Really great and accurate portrayal of modern church in this clever video from the DRIVE Conference. Ouch!
Really great and accurate portrayal of modern church in this clever video from the DRIVE Conference. Ouch!
I’ve been gone a lot from our high school ministry recently. All good things – but mission trips, conferences, vacation and events all take their toll on the decision-making ability of me as the leader. As I’ve gotten back up to speed, I’ve tried to be keenly aware of these potential drawbacks of the disconnected leader:
Poorly informed decision-making
Being absent or disconnected results in making decisions in haste or in ignorance without all of the information. If you feel you’re being pressured into a major decision, you might need to table it. Too many rushed decisions have become regrets. Be decisive, don’t let indecision paralyze you, but make sure you’ve taken the time to gather the details so you are making the right call.
Lack of clarity / purposeless
In your absence, people make decisions without you – and they should! And while I love leadership at all levels and the decentralization of authority, a disconnected leader runs the risk of personal agendas appearing and potentially the purposes becoming less clear. Make sure you’re not the bottleneck and design your student ministry so you can be gone once in a while, just make sure there’s enough clarity to hang on until you get back.
Team morale dips
You’re the team leader, and many look for you for the optimism that fuels them toward goals. Being gone too much sends a signal to your team that you’re not “in it with them.” There are responsibilities (and privileges, honestly) that do carry me away from my team, but there’s a lot to be said for a leader who gets their hands dirty.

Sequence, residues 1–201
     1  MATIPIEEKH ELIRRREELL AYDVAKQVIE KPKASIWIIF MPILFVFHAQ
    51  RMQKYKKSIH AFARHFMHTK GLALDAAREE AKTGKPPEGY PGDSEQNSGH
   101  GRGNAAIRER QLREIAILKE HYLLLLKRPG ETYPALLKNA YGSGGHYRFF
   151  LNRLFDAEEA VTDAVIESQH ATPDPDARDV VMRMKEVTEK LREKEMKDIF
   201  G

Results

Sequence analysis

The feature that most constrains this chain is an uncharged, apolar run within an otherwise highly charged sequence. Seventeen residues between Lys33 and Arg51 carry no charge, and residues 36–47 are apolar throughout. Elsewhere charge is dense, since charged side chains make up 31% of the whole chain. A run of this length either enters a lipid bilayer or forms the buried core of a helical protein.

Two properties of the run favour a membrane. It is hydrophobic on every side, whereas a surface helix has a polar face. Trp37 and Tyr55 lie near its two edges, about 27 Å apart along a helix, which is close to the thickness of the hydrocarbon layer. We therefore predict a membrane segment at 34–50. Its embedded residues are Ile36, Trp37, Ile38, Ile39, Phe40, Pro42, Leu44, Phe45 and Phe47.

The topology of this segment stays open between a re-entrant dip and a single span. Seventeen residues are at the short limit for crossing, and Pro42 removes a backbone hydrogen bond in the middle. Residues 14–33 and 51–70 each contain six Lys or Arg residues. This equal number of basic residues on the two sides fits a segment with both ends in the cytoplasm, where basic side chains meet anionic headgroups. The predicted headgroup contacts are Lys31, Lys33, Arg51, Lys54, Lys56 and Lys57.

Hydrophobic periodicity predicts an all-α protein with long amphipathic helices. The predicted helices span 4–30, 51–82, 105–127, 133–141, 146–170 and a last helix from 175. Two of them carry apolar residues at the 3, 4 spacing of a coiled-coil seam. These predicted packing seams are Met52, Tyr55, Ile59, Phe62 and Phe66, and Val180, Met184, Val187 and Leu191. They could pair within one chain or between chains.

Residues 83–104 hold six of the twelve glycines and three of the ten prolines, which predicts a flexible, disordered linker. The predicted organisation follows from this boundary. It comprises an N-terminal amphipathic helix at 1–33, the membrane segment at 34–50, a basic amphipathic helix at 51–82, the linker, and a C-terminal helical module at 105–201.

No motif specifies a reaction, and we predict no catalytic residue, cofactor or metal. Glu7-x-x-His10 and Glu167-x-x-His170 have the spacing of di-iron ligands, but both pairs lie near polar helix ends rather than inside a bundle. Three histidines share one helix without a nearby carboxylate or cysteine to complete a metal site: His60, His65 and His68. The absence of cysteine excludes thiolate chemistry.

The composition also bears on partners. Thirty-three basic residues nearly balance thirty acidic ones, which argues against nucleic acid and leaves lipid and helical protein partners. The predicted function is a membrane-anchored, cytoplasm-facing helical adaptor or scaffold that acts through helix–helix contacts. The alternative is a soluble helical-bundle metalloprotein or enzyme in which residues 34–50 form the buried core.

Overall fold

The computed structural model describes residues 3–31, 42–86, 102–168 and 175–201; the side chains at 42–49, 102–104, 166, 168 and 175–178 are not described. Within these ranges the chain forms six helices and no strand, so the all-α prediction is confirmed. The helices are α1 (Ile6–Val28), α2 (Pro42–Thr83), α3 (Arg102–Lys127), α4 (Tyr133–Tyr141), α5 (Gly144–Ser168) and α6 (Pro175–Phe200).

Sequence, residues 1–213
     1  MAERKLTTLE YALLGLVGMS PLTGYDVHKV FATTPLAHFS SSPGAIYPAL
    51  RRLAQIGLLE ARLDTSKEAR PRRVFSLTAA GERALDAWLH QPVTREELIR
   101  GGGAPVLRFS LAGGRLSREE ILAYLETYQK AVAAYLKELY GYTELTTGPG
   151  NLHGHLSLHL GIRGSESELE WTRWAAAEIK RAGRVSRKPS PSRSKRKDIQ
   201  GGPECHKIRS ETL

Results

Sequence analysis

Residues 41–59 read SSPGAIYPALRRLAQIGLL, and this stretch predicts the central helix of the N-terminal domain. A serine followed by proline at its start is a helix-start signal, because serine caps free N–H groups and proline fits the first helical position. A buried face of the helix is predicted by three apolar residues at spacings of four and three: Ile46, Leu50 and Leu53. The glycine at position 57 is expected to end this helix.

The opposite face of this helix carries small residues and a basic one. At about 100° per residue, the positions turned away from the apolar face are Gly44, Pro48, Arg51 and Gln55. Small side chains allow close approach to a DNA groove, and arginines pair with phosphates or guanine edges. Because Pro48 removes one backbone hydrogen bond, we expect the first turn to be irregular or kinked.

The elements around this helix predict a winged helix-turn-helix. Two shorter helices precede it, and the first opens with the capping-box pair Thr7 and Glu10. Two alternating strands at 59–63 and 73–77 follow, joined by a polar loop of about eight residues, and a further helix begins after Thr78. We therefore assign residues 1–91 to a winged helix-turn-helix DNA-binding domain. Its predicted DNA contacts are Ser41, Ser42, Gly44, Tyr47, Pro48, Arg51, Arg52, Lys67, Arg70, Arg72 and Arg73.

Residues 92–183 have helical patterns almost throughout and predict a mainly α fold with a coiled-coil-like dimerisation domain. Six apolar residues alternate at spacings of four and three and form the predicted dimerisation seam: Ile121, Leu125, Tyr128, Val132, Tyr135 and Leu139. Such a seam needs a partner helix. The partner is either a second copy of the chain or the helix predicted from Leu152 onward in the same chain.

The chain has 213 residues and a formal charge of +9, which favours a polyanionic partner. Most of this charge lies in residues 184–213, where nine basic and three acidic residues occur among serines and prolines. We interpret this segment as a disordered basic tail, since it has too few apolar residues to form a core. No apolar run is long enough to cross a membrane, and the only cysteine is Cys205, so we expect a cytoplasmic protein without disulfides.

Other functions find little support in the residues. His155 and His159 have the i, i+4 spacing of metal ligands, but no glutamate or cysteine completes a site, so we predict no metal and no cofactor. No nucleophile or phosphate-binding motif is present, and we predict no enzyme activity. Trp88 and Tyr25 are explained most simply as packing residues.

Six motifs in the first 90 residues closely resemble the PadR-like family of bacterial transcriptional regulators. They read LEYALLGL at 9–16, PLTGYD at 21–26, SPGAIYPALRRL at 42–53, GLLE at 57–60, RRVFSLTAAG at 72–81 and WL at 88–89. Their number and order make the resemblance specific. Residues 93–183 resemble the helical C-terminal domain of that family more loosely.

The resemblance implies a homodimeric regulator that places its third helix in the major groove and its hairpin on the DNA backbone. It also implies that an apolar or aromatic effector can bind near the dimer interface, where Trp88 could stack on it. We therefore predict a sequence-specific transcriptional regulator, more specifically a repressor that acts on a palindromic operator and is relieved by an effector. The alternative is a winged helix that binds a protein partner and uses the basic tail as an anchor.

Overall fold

Here’s the zinger: you may be present but still be disconnected. Being present isn’t enough! Too many disconnected leaders are physically around, they just aren’t invested in their team’s lives. I want to be a leader that is present, connected and empowering all of us to accomplish our goals.
We read Bible stories to our kids about every night as part of our bedtime routine. Chores, PJs, teeth, stories, Bible stories, prayer, zzzzzz. Even though our kids aren’t that old, we’ve gone through quite a few different children’s Bibles in the process – and we’ve recently fell in love with our most recent acquisition, The Jesus Storybook Bible.
Zondervan gave everyone who attended the Radicalis Conference a a free copy – I happened to be backstage with Mark Driscoll and he mentioned it was his family’s favorite book. So, we took it home and started reading that night – and I have to tell you, it is super. I put on my “narrator” voice and don’t want to stop it is so fun, clear and inspiring. Really good stuff – if you’ve got little kids, you’ll wear this Bible out.
Weekend Teaching Series: Simply Jesus (series finale, week 3 of 3)
Sermon in a Sentence: Jesus is forgiving, and we can experience and share it personally.
Service Length: 79 minutes
Understandable Message: We based this series on Simply Amazing, a series that Doug Fields taught in our adult services a couple of years ago. Each week we teach through an event from the life of Christ, this week was on the woman caught in adultery. Jake and I taught this weekend in two parts – the first half of the talk was about Kenya and how we are Jesus on the earth until He returns, and how a study of the life of Jesus will help show us how to love and live for him. Jake had a great big story up front that really captured everyone, and a great walkthrough of the story.
Volunteer/Student Involvement: Students were highly involved this weekend – greeters, band, control room, cameras, lights, sound and testimony. Several new weekend adult volunteers joined the mix as well, great to have more adults in the room on Saturday night especially.